#1 One company in Vancouver, WA that grew faster than they could have ever dreamed forgot to stop and revisit the people side of their business. With year-over-year employee growth of 35% in sheer volume of staff they grew to over 50 employees quickly. When they started the company everyone was paid a salary and were exempt from overtime. By the time they got to 50 employees some of the employees were administrative and/or entry-level making them non-exempt from overtime. This company unknowingly had been paying everyone on an exempt basis and ineligible for overtime even though the Federal Law would have qualified them for the OT. There are all kinds of penalties that can be assessed in this situation so you don’t want this to happen to you.
Take Away: The first time you hire employees outside of the ‘owners’ of the company consider how you are paying them (exempt, non-exempt, incentive, bonus, etc.). With each threshold that your company meets…10 employees…20 employees…30 employees…revisit how you are classifying employees to make sure you are following federal and state wage and hour laws. For more information visit the FLSA website.
#2 It was late on a Friday evening in 2011 when I received a call from a new client in Portland, OR who we will call Jill. Jill’s company had only 5 employees and she was calling because she had been told that one of her employees had sexually harassed another. After significant dialog and an investigation the facts were as follows; one employee physically groped another employee on company property and during work hours. Jill was astounded that her 5 person company had such a blatant sexual harassment issue to deal with and even more bewildered that she had not thought to put employment policies in place i.e. an Anti Harassment policy. The employee was put on immediate administrative leave during the investigation and relieved of their duties permanently shortly after the investigation was concluded.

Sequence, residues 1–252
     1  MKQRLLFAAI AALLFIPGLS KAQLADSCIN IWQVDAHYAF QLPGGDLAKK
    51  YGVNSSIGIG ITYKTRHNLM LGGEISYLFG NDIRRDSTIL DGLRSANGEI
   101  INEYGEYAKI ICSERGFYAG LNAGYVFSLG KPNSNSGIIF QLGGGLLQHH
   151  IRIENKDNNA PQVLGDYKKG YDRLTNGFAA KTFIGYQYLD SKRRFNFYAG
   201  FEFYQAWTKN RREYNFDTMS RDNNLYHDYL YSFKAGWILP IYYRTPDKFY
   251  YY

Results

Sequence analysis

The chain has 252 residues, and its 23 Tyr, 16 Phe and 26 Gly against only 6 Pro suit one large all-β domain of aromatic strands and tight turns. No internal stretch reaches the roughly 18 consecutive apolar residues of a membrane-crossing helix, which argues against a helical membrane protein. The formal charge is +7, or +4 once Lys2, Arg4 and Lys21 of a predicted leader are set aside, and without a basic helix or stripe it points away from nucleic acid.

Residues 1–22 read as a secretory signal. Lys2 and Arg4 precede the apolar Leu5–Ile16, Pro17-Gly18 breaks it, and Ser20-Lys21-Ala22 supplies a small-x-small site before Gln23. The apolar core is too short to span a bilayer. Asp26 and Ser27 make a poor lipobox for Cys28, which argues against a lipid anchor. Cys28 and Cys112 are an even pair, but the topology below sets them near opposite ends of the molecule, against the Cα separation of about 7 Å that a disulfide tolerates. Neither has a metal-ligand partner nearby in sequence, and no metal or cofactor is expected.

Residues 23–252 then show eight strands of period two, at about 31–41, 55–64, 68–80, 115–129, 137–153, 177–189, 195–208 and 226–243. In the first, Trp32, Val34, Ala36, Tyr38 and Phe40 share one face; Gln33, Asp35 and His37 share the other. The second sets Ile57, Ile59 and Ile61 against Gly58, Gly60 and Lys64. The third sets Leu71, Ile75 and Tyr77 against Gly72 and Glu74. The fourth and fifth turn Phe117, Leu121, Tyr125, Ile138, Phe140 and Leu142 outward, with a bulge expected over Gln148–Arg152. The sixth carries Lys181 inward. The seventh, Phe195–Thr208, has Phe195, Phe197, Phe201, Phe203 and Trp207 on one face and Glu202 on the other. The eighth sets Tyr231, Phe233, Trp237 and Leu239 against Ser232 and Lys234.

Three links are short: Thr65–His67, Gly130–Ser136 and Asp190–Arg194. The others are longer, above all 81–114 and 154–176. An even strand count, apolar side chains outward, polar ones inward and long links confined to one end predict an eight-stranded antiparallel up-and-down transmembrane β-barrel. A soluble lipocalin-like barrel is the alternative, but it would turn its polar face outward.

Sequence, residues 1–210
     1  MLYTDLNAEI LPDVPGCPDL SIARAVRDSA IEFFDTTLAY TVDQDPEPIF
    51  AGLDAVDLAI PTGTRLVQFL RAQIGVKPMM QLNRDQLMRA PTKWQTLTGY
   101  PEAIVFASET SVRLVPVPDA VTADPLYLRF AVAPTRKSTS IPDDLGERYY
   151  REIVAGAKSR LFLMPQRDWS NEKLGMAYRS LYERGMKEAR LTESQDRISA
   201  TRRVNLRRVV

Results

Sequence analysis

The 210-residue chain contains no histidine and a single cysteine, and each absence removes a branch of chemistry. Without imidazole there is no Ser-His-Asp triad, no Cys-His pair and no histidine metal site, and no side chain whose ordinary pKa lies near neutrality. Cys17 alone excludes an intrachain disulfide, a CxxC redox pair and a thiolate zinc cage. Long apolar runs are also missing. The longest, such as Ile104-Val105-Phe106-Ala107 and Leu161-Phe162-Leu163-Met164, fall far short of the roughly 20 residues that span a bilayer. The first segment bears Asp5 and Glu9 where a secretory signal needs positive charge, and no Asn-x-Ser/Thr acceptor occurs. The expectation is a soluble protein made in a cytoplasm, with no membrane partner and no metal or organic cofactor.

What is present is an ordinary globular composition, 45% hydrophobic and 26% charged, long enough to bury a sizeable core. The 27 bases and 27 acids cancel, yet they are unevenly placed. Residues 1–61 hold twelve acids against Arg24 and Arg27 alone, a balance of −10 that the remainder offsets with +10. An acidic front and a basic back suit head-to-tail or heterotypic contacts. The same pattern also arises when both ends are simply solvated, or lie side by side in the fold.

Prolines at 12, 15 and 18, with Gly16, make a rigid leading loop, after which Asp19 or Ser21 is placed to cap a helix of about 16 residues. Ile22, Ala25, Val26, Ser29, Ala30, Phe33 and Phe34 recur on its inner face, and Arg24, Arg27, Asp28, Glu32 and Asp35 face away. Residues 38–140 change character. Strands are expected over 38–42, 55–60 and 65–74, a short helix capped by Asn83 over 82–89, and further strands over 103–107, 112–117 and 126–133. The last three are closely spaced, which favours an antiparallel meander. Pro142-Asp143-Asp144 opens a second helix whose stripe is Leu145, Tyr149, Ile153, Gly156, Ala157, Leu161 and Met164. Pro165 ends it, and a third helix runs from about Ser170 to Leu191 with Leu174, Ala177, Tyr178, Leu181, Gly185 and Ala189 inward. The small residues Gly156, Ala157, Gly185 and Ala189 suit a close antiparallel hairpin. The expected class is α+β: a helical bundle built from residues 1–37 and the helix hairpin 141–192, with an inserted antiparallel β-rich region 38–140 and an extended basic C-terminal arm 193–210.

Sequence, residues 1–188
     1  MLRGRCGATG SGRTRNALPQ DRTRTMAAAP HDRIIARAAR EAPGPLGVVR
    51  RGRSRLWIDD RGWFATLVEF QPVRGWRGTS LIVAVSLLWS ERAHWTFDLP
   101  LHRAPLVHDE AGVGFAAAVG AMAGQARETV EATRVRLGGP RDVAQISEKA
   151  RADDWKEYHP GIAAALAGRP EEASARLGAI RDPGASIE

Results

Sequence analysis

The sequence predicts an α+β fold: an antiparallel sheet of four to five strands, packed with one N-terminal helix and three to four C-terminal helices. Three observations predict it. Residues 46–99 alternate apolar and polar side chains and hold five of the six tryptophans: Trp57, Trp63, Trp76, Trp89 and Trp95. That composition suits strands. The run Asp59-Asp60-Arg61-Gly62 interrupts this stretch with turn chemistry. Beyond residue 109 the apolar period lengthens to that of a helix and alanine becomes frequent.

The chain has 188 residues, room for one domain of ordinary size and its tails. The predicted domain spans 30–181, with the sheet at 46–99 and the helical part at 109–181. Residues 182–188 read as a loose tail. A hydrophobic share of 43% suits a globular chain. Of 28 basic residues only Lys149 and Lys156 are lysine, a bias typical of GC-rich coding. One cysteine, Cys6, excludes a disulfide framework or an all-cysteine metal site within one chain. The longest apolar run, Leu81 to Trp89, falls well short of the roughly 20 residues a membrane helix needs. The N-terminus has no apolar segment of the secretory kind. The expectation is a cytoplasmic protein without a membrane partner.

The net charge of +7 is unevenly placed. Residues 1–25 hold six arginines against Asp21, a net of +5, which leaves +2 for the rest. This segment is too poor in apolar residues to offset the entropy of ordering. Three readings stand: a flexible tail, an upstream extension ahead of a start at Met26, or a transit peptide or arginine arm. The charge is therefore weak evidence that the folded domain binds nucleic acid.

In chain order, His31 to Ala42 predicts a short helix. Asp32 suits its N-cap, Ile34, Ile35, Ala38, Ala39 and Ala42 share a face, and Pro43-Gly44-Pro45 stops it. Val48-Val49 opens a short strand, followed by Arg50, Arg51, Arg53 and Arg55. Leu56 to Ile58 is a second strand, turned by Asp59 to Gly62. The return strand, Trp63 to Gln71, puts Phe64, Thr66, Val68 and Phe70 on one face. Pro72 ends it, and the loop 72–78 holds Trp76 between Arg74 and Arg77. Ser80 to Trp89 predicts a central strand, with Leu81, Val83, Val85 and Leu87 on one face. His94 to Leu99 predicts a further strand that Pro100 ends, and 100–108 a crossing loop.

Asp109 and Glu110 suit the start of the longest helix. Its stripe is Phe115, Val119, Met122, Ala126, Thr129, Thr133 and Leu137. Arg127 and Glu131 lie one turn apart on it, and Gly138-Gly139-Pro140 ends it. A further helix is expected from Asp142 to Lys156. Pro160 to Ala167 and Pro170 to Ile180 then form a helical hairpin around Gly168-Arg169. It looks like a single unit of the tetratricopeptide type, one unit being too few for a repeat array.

Take Away: It’s a good idea to put employment policies in place as soon as you start hiring employees. This particular employer implemented an employee handbook soon after this incident for added guidance for employees and protection for the employer. Oregon is an at-will state which reduced the risk in this case slightly.
Both of these companies are still thriving in business after these issues. It’s always better to discover HR issues on your own than to find out from a federal or state agency audit, employee complaint or god forbid a lawsuit. This gives the company the control in how they manage and recover from the turmoil. An HR Assessment would have uncovered that the employer in the first story had not been paying their employees in accordance with the FLSA and in story two that they lacked the proper employment policies. Does your company need an HR Assessment? Contact me for more details.
*A few of the details have been changed for confidentiality purposes